Dr Dre and Ice Cube ask to removed from Suge Knight litigation
Liability / September 2015

LIABILITY All areas     Dr Dre and Ice Cube have requested to be removed from civil lawsuit hat stemmed from the incident when one time Deathrow Records boss Suge Knight drove a vehicle into two men, killing one of them in January. Knight is also facing criminal charges in relation to the incident. It’s claimed he deliberately drove his pickup truck into Cle Sloan and Terry Carter, killing the latter, after an altercation outside a burger bar in LA. In the civil action filed  by Carter’s widow, it is stated that the altercation –began on a nearby film set where a commercial for the new NWA biopic ‘Straight Outta Compton’ was being filmed. Carter’s filing says that Sloan had been hired to recruit local gang members to participate in the film shoot, as extras and security. Both Dre and Cube were present at the filming, which caused problems when Knight – (who has long feuded with Dre) also showed up, seemingly to berate those working on the movie over his portrayal in the biopic. Dre then seemingly requested that Sloan remove Knight from the site, which resulted in a fracas that then continued a few miles away outside that burger bar. It is thought Carter…

Sony fire losses were due to a riot
Liability , Music Publishing / October 2013

LIABILITY Recorded music   CMU Daily reports that The High Court on London has ruled that the London Mayor’s Office For Policing And Crime should be liable for the losses caused by the fire at the Sony DADC centre in North London, which was destroyed during the riots of August 2011. Amongst the materials lost in the fire was the physical stock of numerous independent labels, because distributor [PIAS] used the storage centre. The liability stems from the Riot Damages Act: Insurers for Sony had sought £49.5m for property, customer stock and business interruption while the insurers for the owners of the warehouse had wanted £9.35m for property damage and loss of rent. Counsel for the police argued that the attack on the warehouse was a “planned criminal enterprise” and a “planned raid” rather than a riot. He said the group “coordinated their activities by mobile phone or blackberry messaging” to break in to the building in a “quiet industrial area”. The Court noted that the Sony centre had been raided by “25 youths” who had earlier congregated on a nearby housing estate and that police had been warned by numerous people about a local gang causing problems the previous day,…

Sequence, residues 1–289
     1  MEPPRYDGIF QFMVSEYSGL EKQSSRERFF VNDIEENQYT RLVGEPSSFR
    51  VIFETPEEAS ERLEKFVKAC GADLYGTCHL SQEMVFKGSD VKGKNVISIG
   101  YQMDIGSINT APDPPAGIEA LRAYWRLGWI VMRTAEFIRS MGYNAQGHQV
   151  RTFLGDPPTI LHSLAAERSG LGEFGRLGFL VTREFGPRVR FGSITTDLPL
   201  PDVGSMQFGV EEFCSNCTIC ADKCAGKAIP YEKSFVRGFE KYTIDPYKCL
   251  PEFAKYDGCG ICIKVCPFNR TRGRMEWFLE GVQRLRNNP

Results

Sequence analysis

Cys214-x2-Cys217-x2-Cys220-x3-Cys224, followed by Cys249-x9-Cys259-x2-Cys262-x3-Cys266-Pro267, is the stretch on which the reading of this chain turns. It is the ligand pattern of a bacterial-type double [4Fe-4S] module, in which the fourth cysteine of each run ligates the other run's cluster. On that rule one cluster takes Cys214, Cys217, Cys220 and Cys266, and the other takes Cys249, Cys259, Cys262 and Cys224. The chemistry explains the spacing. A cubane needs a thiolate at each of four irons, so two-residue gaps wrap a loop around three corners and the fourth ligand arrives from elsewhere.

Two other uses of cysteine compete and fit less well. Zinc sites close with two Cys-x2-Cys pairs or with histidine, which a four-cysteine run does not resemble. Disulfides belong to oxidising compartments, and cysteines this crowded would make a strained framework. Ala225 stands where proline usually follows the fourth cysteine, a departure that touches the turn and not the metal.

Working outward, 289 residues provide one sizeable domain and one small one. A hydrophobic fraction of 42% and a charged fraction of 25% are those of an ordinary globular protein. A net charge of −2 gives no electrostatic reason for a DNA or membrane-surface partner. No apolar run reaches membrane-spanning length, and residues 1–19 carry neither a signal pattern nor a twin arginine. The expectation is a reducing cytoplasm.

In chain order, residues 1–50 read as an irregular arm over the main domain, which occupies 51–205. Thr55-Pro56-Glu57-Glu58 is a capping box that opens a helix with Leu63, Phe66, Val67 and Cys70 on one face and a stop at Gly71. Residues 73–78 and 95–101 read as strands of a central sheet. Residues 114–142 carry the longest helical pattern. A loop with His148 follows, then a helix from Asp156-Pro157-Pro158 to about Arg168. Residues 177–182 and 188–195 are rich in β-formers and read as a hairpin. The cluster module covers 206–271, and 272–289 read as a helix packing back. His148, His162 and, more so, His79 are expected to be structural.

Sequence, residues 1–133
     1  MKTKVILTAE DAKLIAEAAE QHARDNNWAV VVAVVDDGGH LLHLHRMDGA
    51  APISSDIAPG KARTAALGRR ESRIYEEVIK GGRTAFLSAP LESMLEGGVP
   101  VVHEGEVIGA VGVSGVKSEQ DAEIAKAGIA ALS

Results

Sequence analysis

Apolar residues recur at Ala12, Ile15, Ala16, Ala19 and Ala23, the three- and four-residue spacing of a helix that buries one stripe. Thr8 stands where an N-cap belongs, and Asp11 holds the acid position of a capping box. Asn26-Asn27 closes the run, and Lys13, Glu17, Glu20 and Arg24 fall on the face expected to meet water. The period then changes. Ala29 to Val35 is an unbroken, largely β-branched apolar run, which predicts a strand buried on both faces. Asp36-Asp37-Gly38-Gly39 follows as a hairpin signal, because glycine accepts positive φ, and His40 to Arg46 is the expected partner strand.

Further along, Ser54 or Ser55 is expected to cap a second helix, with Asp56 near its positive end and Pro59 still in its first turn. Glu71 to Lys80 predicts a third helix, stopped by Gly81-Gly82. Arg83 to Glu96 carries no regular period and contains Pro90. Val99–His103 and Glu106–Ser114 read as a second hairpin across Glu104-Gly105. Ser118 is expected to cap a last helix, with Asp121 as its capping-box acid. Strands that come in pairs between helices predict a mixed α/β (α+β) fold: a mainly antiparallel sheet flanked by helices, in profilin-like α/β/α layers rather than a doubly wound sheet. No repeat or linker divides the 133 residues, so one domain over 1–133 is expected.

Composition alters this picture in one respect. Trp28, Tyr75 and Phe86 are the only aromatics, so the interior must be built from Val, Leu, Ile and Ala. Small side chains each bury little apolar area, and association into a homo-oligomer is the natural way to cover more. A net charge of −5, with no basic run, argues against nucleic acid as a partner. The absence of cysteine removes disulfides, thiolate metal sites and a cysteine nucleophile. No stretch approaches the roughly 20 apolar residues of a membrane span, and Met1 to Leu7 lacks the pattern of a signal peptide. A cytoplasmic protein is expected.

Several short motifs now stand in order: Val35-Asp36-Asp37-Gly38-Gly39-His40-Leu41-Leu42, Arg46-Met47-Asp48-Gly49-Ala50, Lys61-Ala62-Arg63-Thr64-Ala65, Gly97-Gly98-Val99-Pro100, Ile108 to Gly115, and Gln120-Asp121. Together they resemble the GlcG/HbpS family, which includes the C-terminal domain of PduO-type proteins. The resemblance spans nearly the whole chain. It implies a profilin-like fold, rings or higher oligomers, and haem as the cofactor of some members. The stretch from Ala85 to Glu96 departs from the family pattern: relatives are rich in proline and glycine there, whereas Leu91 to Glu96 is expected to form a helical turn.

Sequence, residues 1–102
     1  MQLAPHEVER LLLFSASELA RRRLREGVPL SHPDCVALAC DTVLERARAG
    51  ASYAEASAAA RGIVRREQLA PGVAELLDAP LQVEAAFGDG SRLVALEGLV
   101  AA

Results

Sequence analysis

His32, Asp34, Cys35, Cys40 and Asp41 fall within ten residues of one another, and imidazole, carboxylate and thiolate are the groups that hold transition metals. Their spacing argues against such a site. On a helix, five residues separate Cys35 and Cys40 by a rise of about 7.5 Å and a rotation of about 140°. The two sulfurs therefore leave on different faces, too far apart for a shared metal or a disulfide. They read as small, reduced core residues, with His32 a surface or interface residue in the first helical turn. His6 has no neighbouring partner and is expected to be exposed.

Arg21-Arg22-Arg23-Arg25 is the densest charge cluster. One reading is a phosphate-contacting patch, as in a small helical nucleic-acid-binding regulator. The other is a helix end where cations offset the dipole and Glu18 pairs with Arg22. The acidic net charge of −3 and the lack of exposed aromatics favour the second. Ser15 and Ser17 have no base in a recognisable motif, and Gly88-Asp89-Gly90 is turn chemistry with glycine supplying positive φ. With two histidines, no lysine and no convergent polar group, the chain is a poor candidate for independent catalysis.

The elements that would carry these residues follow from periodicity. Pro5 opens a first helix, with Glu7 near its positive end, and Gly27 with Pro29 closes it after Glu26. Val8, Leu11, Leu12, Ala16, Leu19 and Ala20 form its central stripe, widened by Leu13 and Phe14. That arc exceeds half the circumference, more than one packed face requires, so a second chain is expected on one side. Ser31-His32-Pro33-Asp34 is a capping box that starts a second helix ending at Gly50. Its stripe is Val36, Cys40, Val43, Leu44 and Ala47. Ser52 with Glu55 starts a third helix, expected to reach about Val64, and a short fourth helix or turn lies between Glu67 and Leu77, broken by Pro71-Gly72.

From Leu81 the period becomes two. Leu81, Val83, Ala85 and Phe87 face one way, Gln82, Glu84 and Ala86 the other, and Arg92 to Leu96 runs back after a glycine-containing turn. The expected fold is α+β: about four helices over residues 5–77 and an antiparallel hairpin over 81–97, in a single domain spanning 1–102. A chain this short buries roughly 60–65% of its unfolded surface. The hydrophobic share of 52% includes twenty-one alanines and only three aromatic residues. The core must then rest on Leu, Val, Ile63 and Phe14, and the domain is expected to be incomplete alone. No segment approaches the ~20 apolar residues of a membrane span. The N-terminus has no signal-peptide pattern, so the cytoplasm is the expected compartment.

Dreamscape judgment apportions liability for art installation death claims
Liability , Live Events / June 2011

LIABILITY Live events industry Mr Justice Foskett has now given his judgment (16th May 2011) in the High Court confirming the apportionment of liability resulting from the ‘Dreamscape’ tragedy in 2006. Dreamscape V was the inflatable art installation created by the late Maurice Agis that covered almost half a football pitch. On 23 July 2006 Riverside Park, Chester-le-Street, County Durham the installation broke free of its anchorage and video footage showed it lifting into the air, moving about 85 metres, killing two people and injuring a number of others, some seriously. There had already been settlement between the estates of the victims and the injured parties, and the defendants, and the issue before the High Court was the apportionment of responsibility for these damages between Chester-le-Street District Council and arts event organiser Brouhaha International Limited (BIL) who were both involved in the organisation of the event.  Mr Agis’s son, Giles, was a director of BIL. This was a decision on how much each of their insurers had to pay towards the total compensation. Maurice Agis died with no money in his estate and he was uninsured. Maurice Agis had already been convicted of Health & Safety at Work Act 1974…